data = f.read()
            time.sleep(10)

# Set the signal handler and a 5-second alarm
old_handler = signal.signal(signal.SIGALRM,
handler)
signal.alarm(1)
start = time.time()
# This sleeps for longer than the alarm
try:
    long_function()
except OSError as e:
    duration = time.time() - start
    print('Duration: %.2f' % duration)
    raise
finally:
    signal.signal(signal.SIGALRM, old_handler)
    signal.alarm(0)        # Disable the alarm

We’ve changed long_function(), lines 9-20, to do two new things:

  1. It now reads from a file.  We still have time.sleep(), but that’s just to simulate a long read operation which will trigger our timeout.
  2. Open() and read() can raise a variety of exceptions.  If open() or read() raise an OSError exception, we want to retry reading the file once before we give up.

So what happens when we run this version?

$ /bin/time -p python3 test.py
Signal handler called with signal 14
real 11.07

That was unexpected…

As you can see from the output, our program still fired the SIGALRM.  And the signal handler still ran.  But after it ran, everything else seems to be different.  Apparently, the OSError didn’t propagate up the stack to our toplevel so we didn’t print the duration.  Furthermore, we ended up waiting for approximately 10 seconds in addition to the 1 second we waited for the timeout. What happened?

The key to understanding this is to understand that when the signal handler is invoked, Python adds the call to the signal handler onto its current call stack (The call stack roughly represents the nesting of functions that lead up to where the code is currently executing.  So, in our example, inside of the signal handler, the call stack would start with the module toplevel, then long_function(), and finally handler().  If you look at the traceback from the first example, you can see exactly that call stack leading you through all the function calls to the point where the exception was raised.)  When the signal handler raises its exception, Python unwinds the call stack one function at a time to find an exception handler (not to be confused with our signal handler) which can handle the exception.

Where was the program waiting when SIGALRM was emitted?  It was on line 14, inside of long_function().  So Python acts as though handler() was invoked directly after that line.  And when handler() raises its OSError exception, Python then unwinds the call stack from handler() to long_function() and sees that on line 15, there’s an except OSError: and so Python lets it catch the signal handler’s OSError instead of propagating it up the stack further.  And in our code, that exception handler decides to retry reading the file which is where there is a second 10 second delay as we read the file.  Since the SIGALRM was already used up, the timeout doesn’t fire this time.  So the rest of the bug progresses from there: long_function() now waits the full 10 seconds before returning because there’s no timeout to stop it.  It then returns normally to its caller.  The caller doesn’t receive an OSError exception.  So it doesn’t fire its own OSError exception handler which would have printed the Duration.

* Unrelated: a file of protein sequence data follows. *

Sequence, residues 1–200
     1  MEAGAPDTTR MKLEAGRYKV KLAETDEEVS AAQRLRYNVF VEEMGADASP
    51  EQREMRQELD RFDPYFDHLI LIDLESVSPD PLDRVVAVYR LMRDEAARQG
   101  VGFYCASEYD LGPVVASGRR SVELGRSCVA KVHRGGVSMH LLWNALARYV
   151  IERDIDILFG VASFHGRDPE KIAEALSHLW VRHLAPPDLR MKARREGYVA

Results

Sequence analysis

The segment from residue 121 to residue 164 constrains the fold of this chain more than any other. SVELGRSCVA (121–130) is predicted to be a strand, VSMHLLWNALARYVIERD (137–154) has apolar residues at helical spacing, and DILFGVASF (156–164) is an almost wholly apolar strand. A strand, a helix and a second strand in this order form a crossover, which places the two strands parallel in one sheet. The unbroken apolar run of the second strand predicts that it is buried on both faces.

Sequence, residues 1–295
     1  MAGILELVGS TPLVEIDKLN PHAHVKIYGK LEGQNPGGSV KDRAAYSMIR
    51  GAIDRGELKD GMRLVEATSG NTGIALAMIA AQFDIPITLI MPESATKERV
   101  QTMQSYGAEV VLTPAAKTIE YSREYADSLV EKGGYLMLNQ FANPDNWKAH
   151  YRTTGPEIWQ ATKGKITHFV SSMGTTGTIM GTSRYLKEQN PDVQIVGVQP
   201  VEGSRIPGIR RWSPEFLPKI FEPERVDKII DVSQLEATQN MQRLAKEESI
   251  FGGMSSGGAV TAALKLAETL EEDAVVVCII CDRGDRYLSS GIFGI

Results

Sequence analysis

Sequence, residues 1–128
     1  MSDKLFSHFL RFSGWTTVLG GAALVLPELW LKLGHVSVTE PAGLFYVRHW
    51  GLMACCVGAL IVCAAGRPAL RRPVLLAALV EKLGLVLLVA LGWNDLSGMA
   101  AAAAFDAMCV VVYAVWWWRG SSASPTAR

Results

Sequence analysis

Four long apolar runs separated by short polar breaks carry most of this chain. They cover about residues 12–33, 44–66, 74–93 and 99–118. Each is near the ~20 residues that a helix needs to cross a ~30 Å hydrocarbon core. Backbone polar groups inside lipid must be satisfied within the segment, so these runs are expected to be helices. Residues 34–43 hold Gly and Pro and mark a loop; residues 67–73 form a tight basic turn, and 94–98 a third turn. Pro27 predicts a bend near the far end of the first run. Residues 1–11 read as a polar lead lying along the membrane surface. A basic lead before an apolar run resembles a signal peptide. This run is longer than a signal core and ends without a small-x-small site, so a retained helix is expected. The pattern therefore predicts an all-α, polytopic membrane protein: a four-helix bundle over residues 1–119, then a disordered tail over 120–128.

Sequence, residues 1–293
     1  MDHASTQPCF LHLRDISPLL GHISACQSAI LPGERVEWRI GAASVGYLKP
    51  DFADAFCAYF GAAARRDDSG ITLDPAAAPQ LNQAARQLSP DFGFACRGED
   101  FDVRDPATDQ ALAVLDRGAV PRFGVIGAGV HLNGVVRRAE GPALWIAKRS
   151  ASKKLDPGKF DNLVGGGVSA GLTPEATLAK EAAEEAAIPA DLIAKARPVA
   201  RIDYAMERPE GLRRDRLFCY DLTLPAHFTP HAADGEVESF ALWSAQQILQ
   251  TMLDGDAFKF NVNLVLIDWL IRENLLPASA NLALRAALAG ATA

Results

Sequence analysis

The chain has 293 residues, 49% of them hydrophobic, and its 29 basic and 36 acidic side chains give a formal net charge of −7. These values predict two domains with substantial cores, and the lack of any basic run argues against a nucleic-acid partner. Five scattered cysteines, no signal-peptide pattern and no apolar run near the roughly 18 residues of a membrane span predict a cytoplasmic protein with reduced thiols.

Okay, this isn’t good. Can it get worse?

There are even less intuitive ways that this bug can be provoked. For instance:

def long_function():
    time.sleep(0.8)
    try:
        time.sleep(0.1)
        time.sleep(0.1)
        time.sleep(0.1)
    except Exception:
        pass

In this version, we don’t have the context clue that we’re raising OSError in the signal handler and mistakenly catching it in long_function(). An experienced Python coder will realize that except Exception is sufficiently broad to be catching OSError, but in the clutter of other function calls and without the same named exception to provoke their suspicions initially, they might not realize that the occasional problems with the timeout not working could be triggered by this late exception handler.

This is also problematic if the programmer is having to orient themselves off of a traceback. That would lead them to look inside of long_function() for the source of a OSError. They won’t find it there because it’s inside of the signal handler which is outside of the function.

import zipfile
def long_function():
    time.sleep(0.9)
    zipfile.is_zipfile('my_file.zip')

In this case, there’s no exception handling in our code to clue us in. If you look at the implementation of zipfile.is_zipfile(), though, you’ll see that there’s an except OSError: inside of there. If the timeout’s alarm ends up firing while you are inside of that code, is_zipfile() will just as happily swallow the OSError as an exception handler inside of long_function() would have.

So I think I can solve this if I….

There are ways to make the timeout functionality more robust. For instance, let’s define our handler like this:

import functools

class OurTimeout(BaseException):